Nanoparticle 'backpacks' restore damaged stem cells
Within a newborn's umbilical cord lie potentially life-saving stem cells that can be used to fight diseases like lymphoma and leukemia. That is why many new parents elect to store ("bank") their infant's stem cell-rich umbilical cord blood. But in the 6–15% of pregnancies affected by gestational diabetes, parents lack this option because the condition damages the stem cells and renders them useless.
Now, in a study forthcoming in Communications Biology, bioengineers at the University of Notre Dame have shown that a new strategy can restore the damaged stem cells and enable them to grow new tissues again.
At the heart of this new approach are specially engineered nanoparticles. At just 150 nanometers in diameter—about a quarter of the size of a red blood cell—each spherical nanoparticle is able to store medicine and deliver it just to the stem cells themselves by attaching directly onto the stem cells' surface. Due to their special formulation or "tuning," the particles release the medicine slowly, making it highly effective even at very low doses.
Donny Hanjaya-Putra, an assistant professor of aerospace and mechanical engineering in the bioengineering graduate program at Notre Dame who directs the lab where the study was conducted, described the process using an analogy. "Each stem cell is like a soldier. It is smart and effective; it knows where to go and what to do. But the 'soldiers' we are working with are injured and weak. By providing them with this nanoparticle 'backpack,' we are giving them what they need to work effectively again."
The main test for the new "backpack"-equipped stem cells was whether or not they could form new tissues. Hanjaya-Putra and his team tested damaged cells without "backpacks" and observed that they moved slowly and formed imperfect tissues. But when Hanjaya-Putra and his team applied "backpacks," previously damaged stem cells began forming new blood vessels, both when inserted in synthetic polymers and when implanted under the skin of lab mice, two environments meant to simulate the conditions of the human body.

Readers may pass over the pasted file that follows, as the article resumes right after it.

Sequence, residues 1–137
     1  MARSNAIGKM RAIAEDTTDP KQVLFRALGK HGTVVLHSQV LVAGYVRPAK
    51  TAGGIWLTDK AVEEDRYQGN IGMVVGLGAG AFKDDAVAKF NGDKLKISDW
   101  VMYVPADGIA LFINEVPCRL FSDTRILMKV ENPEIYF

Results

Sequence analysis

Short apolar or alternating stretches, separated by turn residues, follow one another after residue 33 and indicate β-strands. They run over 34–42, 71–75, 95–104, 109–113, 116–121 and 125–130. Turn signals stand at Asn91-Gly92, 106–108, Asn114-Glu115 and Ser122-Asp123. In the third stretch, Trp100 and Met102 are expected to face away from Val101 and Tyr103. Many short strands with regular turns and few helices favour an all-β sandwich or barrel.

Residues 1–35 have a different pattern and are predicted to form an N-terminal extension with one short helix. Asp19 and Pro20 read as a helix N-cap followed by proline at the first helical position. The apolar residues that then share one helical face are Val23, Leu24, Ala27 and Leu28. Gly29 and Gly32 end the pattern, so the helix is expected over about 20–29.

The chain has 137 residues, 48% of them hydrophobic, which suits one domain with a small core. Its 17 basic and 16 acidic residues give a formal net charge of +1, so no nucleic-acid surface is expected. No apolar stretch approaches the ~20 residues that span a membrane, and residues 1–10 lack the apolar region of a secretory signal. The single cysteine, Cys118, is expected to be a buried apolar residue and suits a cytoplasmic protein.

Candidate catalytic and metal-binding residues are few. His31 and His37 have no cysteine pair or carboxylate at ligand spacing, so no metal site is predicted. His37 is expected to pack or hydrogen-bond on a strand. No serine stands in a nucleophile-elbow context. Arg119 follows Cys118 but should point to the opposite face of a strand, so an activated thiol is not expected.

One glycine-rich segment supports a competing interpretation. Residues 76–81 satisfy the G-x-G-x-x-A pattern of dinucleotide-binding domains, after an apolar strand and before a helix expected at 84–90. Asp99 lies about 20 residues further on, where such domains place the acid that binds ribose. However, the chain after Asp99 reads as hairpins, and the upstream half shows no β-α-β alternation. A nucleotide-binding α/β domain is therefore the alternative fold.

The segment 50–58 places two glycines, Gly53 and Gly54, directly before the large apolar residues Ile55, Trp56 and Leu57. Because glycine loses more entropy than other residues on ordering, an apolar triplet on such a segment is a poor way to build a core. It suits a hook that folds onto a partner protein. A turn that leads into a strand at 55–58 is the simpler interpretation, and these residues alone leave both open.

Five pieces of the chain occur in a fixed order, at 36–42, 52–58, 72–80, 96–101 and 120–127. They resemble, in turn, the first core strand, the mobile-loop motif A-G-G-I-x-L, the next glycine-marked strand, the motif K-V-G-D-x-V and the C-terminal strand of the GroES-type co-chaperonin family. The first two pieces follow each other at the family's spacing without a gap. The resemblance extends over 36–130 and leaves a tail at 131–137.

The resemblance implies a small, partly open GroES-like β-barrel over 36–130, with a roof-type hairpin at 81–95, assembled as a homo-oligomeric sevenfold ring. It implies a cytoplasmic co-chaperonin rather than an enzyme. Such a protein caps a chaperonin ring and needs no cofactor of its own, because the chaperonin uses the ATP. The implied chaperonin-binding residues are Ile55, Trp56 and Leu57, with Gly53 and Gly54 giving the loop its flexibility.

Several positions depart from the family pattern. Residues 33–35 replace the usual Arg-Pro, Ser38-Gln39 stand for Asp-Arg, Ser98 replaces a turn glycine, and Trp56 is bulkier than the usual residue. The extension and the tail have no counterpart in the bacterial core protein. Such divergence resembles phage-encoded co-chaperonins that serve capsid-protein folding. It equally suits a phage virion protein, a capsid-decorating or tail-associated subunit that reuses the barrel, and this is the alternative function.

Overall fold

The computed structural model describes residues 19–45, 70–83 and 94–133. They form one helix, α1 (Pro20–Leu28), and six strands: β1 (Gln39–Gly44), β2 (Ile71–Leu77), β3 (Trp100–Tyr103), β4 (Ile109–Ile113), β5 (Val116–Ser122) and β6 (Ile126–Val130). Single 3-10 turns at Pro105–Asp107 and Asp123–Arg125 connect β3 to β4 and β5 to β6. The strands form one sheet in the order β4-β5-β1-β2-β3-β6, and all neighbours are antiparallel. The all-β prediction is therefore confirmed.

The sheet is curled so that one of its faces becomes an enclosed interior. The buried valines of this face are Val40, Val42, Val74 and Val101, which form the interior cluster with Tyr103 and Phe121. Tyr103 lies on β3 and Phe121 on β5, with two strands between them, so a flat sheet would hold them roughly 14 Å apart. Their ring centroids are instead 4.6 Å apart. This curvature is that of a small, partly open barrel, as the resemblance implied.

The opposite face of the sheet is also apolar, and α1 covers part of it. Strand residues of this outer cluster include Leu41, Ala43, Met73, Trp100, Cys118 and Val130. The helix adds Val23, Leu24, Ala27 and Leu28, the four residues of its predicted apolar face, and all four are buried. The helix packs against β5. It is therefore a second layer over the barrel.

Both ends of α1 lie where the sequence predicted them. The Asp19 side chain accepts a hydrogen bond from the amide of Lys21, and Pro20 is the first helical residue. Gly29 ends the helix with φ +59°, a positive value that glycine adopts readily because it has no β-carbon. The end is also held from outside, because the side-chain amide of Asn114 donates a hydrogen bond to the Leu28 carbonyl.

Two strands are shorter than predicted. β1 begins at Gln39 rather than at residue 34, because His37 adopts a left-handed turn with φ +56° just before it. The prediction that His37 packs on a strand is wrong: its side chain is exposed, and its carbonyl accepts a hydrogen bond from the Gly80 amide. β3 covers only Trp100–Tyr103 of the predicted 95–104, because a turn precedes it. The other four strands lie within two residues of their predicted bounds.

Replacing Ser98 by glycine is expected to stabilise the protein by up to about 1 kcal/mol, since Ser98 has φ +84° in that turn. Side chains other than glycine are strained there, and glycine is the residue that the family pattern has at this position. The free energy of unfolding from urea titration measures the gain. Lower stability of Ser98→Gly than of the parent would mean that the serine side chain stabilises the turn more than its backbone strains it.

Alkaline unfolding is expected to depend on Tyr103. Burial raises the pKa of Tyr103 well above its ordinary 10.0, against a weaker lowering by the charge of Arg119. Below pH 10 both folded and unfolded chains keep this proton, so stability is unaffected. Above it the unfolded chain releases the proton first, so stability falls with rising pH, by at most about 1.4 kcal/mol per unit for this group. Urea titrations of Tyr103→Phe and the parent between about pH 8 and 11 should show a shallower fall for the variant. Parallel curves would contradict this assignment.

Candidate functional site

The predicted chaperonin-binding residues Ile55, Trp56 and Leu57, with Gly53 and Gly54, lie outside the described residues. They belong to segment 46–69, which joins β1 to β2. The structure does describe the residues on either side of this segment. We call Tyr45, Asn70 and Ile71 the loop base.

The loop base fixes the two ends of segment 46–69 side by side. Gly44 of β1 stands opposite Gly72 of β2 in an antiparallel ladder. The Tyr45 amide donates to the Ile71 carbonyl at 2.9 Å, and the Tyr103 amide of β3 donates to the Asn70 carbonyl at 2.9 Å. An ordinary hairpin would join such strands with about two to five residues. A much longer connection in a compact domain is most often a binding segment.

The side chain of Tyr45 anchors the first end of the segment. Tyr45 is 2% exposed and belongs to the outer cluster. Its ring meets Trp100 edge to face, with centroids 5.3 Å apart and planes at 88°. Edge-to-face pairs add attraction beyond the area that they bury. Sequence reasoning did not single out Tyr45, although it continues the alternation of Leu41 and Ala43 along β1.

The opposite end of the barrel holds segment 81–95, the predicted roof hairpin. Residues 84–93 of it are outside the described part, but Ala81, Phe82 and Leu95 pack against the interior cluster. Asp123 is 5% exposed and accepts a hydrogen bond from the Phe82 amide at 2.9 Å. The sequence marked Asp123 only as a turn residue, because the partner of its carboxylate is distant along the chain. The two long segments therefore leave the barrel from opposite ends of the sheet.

Although it may be years before this new technique reaches actual health care settings, Hanjaya-Putra explained that it has the clearest path of any method developed so far. "Methods that involve injecting the medicine directly into the bloodstream come with many unwanted risks and side effects," Hanjaya-Putra said. In addition, new methods like gene editing face a long journey to Food and Drug Administration (FDA) approval. But Hanjaya-Putra's technique used only methods and materials already approved for clinical settings by the FDA.
Hanjaya-Putra attributed the study's success to a highly interdisciplinary group of researchers. "This was a collaboration between chemical engineering, mechanical engineering, biology and medicine—and I always find that the best science happens at the intersection of several different fields."
The study's lead author was former Notre Dame postdoctoral student Loan Bui, now a faculty member at the University of Dayton in Ohio; stem cell biologist Laura S. Haneline and former postdoctoral fellow Shanique Edwards from the Indiana University School of Medicine; Notre Dame Bioengineering doctoral students Eva Hall and Laura Alderfer; Notre Dame undergraduates Pietro Sainaghi, Kellen Round and 2021 valedictorian Madeline Owen; Prakash Nallathamby, research assistant professor, aerospace and mechanical engineering; and Siyuan Zhang from the University of Texas Southwestern Medical Center.
The researchers hope their approach will be used to restore cells damaged by other types of pregnancy complications, such as preeclampsia. "Instead of discarding the stem cells," Hanjaya-Putra said, "in the future we hope clinicians will be able to rejuvenate them and use them to regenerate the body. For example, a baby born prematurely due to preeclampsia may have to stay in the NICU with an imperfectly formed lung. We hope our technology can improve this child's developmental outcomes."